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Let all who are under the yoke of slavery regard their masters as worthy of all honor, so that the name of God and the teaching may not be blasphemed.

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It appears that, at the beginning of the gospel, slaves cheered their hearts, as if the signal had been given for their emancipation; for Paul labors hard, in all his writings, to repress that desire; and indeed the condition of slavery was so hard that we need not wonder that it was exceedingly hateful. Now, it is customary to seize, for the advantage of the flesh, everything that has the slightest appearance of being in our favor. Thus when they were told that we are all brethren, they instantly concluded that it was unreasonable that they should be the slaves of brethren. But although nothing of all this had come into their mind, still wretched men are always in need of consolation, that may allay the bitterness of their afflictions. Besides, they could not without difficulty be persuaded to bend their necks, willingly and cheerfully, to so harsh a yoke. Such, then, is the object of the present doctrine.

1 They who are slaves under the yoke Owing to the false opinion of his own excellence which every person entertains, there is no one who patiently endures that others should rule over him. They who cannot avoid the necessity do, indeed, reluctantly obey those who are above them; but inwardly they fret and rage, because they think that they suffer wrong. The Apostle cuts off, by a single word, all disputes of this kind, by demanding that all who live “under the yoke” shall submit to it willingly. He means that they must not inquire whether they deserve that lot or a better one; for it is enough that they are bound to this condition.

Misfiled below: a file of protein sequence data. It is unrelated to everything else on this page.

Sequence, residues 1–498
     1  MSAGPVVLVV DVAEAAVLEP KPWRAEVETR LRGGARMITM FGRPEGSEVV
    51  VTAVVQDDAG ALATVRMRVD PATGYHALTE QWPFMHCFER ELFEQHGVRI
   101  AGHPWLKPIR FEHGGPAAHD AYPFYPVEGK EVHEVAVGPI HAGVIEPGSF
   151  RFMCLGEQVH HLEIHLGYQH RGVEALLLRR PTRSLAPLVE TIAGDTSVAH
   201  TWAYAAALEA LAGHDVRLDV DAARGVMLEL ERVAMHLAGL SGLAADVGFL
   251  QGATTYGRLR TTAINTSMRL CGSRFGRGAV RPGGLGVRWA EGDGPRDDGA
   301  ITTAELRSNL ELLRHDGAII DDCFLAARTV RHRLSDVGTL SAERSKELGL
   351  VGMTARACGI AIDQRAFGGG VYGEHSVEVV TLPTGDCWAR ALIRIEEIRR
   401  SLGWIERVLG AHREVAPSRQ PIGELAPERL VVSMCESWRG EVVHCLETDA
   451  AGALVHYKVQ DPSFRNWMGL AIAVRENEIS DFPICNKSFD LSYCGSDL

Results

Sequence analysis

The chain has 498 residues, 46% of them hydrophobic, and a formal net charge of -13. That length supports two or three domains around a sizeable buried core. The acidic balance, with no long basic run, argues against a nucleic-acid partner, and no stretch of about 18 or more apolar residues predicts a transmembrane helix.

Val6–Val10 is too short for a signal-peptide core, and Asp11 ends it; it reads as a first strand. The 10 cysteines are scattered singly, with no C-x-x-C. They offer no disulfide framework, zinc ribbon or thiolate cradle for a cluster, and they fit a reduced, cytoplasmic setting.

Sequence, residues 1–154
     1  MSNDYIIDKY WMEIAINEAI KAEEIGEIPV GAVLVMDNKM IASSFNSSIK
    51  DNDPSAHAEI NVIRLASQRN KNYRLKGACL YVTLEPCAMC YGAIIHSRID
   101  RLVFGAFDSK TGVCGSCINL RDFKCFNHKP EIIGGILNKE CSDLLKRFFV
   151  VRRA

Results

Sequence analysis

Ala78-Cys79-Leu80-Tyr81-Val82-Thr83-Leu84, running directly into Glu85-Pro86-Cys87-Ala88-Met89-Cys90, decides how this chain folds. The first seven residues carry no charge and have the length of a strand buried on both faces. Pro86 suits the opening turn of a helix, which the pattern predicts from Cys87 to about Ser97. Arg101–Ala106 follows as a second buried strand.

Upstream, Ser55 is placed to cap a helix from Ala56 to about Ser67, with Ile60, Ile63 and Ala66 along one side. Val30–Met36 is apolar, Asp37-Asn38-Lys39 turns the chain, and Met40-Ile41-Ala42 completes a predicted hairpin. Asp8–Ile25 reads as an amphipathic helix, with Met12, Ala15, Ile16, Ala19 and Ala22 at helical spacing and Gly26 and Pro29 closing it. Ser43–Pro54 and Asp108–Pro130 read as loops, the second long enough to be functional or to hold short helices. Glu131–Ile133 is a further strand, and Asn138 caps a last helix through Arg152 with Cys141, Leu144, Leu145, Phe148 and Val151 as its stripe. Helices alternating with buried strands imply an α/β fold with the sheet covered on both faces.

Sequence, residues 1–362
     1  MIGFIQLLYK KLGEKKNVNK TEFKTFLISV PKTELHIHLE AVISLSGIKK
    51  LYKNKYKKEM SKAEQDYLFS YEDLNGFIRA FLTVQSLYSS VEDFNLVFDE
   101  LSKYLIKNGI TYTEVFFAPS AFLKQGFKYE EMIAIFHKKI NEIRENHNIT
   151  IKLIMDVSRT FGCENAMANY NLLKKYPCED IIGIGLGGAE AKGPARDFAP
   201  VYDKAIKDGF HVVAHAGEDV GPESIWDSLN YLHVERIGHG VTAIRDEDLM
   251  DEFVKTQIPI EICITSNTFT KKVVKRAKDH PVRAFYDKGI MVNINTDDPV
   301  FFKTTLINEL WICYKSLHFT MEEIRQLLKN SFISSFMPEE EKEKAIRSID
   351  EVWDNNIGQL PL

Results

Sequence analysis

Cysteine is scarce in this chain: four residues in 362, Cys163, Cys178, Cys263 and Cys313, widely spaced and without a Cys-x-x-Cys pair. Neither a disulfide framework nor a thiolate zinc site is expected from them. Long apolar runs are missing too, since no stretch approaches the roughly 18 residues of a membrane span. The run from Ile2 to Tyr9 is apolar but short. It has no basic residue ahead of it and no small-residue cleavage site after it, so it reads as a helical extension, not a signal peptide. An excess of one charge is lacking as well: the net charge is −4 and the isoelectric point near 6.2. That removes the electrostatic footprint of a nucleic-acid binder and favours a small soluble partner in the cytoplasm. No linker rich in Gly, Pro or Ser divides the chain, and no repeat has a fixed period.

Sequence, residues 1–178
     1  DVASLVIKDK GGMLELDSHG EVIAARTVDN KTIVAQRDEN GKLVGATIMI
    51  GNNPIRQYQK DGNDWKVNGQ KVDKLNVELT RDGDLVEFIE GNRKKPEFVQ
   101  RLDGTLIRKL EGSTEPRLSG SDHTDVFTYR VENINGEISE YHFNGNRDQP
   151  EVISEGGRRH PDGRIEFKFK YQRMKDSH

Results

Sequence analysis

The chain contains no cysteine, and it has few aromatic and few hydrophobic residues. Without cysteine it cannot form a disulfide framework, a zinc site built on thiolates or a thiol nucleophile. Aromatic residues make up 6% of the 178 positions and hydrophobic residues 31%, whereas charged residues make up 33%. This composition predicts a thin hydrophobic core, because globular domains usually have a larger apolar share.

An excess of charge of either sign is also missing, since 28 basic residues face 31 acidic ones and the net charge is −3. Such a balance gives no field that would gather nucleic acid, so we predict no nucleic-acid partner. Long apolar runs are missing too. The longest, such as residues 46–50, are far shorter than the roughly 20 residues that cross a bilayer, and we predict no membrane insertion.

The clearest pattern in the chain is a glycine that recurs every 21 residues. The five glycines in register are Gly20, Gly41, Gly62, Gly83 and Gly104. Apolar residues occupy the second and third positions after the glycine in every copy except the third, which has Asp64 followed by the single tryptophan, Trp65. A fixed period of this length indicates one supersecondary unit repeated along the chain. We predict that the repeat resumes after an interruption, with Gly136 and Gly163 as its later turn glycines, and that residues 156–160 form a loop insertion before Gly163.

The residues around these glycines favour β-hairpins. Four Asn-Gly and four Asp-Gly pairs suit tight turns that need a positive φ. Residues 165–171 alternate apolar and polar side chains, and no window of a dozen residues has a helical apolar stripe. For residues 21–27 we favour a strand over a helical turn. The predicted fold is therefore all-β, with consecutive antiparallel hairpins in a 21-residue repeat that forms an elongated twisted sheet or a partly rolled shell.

When he enjoins them to esteem worthy of all honor the masters whom they serve, he requires them not only to be faithful and diligent in performing their duties, but to regard and sincerely respect them as persons placed in a higher rank than themselves. No man renders either to a prince or to a master what he owes to them, unless, looking at the eminence to which God has raised them, he honor them, because he is subject to them; for, however unworthy of it they may often be, still that very authority which God bestows on them always entitles them to honor. Besides, no one willingly renders service or obedience to his master, unless he is convinced that he is bound to do so. Hence it follows, that subjection begins with that honor of which Paul wishes that they who rule should be accounted worthy.

That the name and doctrine of God may not be blasphemed We are always too ingenious in our behalf. Thus slaves, who have unbelieving masters, are ready enough with the objection, that it is unreasonable that they who serve the devil should have dominion over the children of God. But Paul throws back the argument to the opposite side, that they ought to obey unbelieving masters, in order that the name of God and the gospel may not be evil spoken of; as if God, whom we worship, incited us to rebellion, and as if the gospel rendered obstinate and disobedient those who ought to be subject to others.